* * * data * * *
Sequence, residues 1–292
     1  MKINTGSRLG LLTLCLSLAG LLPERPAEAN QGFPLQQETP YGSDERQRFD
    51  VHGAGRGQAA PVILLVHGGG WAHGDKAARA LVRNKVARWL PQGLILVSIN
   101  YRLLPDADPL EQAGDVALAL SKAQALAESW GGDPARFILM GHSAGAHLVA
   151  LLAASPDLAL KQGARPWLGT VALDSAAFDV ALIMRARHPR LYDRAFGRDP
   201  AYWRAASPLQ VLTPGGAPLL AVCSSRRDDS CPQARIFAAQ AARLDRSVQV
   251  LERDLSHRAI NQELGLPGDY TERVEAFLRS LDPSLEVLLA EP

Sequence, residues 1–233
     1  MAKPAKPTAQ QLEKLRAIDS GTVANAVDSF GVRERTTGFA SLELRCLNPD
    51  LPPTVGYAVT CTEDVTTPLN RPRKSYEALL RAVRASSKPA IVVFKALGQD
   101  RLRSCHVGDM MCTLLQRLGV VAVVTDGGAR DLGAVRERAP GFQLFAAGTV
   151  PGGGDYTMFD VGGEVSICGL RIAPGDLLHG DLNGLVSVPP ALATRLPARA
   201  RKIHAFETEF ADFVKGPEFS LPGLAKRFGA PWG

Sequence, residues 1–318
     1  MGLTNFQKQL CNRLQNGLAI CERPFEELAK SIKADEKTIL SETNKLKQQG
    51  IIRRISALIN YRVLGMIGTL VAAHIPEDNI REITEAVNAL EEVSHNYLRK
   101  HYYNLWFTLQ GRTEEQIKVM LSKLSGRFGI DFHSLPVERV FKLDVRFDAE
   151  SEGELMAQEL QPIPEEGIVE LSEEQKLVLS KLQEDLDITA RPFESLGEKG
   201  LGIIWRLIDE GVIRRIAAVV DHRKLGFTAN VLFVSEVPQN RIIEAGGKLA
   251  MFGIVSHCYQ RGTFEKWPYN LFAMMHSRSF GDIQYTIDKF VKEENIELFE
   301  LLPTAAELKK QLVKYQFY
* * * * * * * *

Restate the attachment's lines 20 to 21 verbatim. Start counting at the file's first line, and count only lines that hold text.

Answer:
   251  MFGIVSHCYQ RGTFEKWPYN LFAMMHSRSF GDIQYTIDKF VKEENIELFE
   301  LLPTAAELKK QLVKYQFY